Britney Spears’s father Jamie ‘faces FBI investigation’ after allegedly recording singer’s conversations

New documentary claims Jamie placed recording device in his daughter’s bedroom

Isobel Lewis
Tuesday 28 September 2021 09:09
Trailer for Controlling Britney Spears documentary

Britney Spears’s father is reportedly being investigated by the police over claims he secretly monitored her communications and recorded her conversations.

Last week, a new documentary from The New York Times titled Controlling Britney Spears claimed that Jamie Spears was in charge of a surveillance set up that tracked his daughter’s messages and calls, as well as secretly recorded the singer’s interactions in her bedroom.

In response, Britney’s lawyer accused Jamie of “horrifying and unconscionable invasions of his adult daughter’s privacy”, and called for his immediate removal from her conservatorship.

While Jamie has insisted that his daughter knew about the recordings, Deadline now reports that the FBI are looking into whether he breached Californian law, which states both parties must consent to being recorded.

The Independent has contacted Britney’s representatives for comment.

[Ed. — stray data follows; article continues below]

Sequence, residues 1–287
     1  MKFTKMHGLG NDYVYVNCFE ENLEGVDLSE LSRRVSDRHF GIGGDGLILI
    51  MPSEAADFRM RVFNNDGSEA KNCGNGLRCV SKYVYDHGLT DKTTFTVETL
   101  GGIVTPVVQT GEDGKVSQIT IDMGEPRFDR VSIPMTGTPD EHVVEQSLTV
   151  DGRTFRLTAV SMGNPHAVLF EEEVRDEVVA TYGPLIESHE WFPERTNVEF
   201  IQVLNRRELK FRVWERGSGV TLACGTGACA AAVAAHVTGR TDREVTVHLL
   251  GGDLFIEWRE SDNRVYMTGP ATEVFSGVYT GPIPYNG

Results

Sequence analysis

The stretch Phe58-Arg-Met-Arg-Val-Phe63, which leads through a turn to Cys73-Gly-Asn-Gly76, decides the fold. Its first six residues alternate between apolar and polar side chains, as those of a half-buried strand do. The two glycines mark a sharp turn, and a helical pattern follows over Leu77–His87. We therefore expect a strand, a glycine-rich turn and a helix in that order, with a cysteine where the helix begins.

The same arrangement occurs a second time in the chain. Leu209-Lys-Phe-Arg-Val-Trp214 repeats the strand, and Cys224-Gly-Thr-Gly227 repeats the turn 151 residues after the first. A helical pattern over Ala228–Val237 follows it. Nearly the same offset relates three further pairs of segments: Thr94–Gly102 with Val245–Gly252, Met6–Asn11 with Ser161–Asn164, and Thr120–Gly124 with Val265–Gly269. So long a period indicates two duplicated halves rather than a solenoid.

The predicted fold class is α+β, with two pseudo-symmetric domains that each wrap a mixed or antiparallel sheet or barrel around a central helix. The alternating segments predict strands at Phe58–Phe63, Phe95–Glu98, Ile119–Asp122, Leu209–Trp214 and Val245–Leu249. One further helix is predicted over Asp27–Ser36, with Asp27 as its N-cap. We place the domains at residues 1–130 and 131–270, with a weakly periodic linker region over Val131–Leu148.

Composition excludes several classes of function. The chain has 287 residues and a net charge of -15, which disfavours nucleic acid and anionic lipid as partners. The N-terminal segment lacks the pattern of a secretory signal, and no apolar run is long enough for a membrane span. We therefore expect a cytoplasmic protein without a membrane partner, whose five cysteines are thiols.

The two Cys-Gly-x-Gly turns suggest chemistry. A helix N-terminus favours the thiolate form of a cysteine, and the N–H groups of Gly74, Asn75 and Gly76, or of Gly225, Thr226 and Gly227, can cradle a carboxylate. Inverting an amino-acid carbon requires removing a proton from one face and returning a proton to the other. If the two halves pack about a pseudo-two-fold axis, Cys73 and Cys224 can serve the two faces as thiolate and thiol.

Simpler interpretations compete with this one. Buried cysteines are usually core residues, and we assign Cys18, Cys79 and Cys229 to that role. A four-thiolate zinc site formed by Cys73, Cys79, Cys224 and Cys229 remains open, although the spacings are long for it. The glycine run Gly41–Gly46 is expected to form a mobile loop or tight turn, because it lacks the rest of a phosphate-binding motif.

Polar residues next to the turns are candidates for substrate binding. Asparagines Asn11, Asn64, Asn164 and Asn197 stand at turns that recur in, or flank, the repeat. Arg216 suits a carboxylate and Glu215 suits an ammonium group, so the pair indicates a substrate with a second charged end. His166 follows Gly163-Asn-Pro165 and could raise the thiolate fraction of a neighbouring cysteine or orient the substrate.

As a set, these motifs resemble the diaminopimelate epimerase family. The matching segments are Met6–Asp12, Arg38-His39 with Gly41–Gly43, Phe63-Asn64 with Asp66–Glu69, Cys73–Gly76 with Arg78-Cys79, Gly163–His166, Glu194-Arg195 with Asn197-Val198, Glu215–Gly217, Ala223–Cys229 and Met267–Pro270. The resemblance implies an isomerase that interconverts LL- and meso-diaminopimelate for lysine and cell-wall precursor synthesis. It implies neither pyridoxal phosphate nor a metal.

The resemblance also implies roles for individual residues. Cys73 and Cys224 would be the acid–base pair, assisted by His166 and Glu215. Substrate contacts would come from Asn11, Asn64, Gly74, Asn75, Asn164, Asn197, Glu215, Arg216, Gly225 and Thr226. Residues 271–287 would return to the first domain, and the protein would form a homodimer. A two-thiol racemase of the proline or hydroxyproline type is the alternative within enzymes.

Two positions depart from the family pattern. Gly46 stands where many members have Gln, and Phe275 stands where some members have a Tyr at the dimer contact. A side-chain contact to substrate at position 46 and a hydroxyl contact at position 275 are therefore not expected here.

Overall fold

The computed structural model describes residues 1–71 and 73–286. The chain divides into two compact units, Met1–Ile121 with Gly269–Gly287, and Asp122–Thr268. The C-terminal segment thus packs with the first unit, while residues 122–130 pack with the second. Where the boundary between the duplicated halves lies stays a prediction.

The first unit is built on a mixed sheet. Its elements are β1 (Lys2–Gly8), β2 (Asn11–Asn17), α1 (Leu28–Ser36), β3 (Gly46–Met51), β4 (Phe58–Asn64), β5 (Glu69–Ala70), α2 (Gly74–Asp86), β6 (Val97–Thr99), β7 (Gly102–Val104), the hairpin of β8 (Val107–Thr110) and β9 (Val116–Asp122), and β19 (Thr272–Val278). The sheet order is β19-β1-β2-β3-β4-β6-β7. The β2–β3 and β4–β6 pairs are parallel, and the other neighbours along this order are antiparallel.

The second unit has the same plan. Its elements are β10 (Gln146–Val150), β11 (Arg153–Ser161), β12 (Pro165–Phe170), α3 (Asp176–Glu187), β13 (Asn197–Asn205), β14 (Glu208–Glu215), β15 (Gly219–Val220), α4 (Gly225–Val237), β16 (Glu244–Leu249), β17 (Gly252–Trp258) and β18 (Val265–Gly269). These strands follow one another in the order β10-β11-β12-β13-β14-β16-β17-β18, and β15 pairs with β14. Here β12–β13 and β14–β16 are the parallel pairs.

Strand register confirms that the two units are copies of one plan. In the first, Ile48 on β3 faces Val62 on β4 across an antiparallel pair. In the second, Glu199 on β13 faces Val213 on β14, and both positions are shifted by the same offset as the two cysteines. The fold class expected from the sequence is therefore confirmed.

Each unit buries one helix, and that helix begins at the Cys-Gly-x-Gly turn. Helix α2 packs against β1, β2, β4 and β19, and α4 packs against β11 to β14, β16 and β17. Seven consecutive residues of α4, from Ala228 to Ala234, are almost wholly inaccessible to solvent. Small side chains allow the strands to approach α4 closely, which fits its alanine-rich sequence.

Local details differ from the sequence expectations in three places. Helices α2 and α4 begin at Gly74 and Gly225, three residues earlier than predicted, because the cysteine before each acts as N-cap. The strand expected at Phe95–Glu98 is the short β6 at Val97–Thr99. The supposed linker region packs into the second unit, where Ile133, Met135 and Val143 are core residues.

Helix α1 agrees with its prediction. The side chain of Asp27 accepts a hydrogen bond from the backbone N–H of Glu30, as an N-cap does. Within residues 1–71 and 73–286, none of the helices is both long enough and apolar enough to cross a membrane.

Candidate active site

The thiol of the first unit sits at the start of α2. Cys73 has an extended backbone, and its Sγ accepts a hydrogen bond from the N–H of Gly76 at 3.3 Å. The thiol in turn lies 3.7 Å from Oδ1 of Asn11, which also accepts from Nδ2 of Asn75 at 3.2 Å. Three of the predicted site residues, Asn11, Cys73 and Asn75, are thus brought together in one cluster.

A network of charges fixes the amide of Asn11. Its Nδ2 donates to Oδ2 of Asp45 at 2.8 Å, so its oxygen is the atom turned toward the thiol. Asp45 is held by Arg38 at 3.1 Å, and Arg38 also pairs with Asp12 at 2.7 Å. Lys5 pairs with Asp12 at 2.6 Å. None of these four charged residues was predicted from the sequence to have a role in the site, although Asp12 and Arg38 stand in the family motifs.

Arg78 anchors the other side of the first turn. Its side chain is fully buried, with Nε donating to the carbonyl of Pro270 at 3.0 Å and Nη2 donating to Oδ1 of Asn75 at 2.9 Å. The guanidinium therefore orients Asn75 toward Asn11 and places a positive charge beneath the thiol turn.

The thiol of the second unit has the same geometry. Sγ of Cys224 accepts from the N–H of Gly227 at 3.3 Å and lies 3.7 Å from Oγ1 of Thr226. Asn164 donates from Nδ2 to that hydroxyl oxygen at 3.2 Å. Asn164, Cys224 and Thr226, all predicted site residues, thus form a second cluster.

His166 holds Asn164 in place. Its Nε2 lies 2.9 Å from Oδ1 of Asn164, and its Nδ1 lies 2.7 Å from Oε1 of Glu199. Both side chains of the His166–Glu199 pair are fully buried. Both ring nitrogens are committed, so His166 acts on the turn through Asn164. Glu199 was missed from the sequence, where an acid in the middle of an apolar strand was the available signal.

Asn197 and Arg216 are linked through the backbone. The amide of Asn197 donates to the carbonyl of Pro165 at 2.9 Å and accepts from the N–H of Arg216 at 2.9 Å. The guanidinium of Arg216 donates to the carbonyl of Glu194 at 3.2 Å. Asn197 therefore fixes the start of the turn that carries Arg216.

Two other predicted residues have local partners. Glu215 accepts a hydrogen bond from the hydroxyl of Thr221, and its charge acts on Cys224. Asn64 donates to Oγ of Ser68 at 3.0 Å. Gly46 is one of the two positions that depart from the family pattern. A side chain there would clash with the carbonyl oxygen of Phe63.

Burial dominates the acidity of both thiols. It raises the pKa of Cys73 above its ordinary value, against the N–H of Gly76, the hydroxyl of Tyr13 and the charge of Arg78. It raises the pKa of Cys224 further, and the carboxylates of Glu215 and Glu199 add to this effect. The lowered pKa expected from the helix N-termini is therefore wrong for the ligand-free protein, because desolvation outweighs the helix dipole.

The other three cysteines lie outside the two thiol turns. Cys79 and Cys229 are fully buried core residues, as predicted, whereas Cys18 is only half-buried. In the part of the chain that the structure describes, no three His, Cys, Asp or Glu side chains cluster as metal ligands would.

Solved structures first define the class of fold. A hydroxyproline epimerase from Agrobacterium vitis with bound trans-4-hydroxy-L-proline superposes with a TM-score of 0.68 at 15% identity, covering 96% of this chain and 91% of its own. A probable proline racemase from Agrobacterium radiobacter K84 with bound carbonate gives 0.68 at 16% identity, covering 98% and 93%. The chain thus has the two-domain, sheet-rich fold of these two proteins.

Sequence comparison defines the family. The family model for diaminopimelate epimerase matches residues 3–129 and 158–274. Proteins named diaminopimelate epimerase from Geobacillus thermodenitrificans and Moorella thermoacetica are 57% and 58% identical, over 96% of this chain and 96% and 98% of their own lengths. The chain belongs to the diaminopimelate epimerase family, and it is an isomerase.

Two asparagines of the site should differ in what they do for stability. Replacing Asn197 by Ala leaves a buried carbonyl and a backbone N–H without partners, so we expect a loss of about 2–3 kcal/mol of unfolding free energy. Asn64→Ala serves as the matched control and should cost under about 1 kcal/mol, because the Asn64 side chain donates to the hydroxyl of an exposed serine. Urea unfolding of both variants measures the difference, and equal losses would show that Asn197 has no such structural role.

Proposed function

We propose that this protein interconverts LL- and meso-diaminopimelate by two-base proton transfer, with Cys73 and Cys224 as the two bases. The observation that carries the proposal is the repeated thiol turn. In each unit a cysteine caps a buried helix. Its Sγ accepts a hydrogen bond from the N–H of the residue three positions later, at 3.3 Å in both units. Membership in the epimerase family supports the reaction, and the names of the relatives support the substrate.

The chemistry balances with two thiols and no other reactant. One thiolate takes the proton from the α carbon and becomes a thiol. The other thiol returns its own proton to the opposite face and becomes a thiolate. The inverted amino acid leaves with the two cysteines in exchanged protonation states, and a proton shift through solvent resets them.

The “Toxic” singer’s lawyers said on Monday (27 September) that while the accusations made against Jamie in the documentary were not evidence, they “warrant serious investigation, certainly by Ms Spears as, among other things, California is a ‘two-party’ consent state”.

“As a result of these deeply-disturbing allegations, Mr Spears will inevitably be focused over the next several days and weeks on defending his own interests not his daughter’s (yet again). And regardless of the outcome of the allegations, what cannot be genuinely disputed is how deeply upsetting they are to Ms Spears and if nothing else, they magnify the need to suspend Mr Spears immediately.”

They added: “The chickens have truly come home to roost.”

Earlier this month, Britney’s father petitioned the court to end the conservatorship, which has allowed him control of her estate since 2008.

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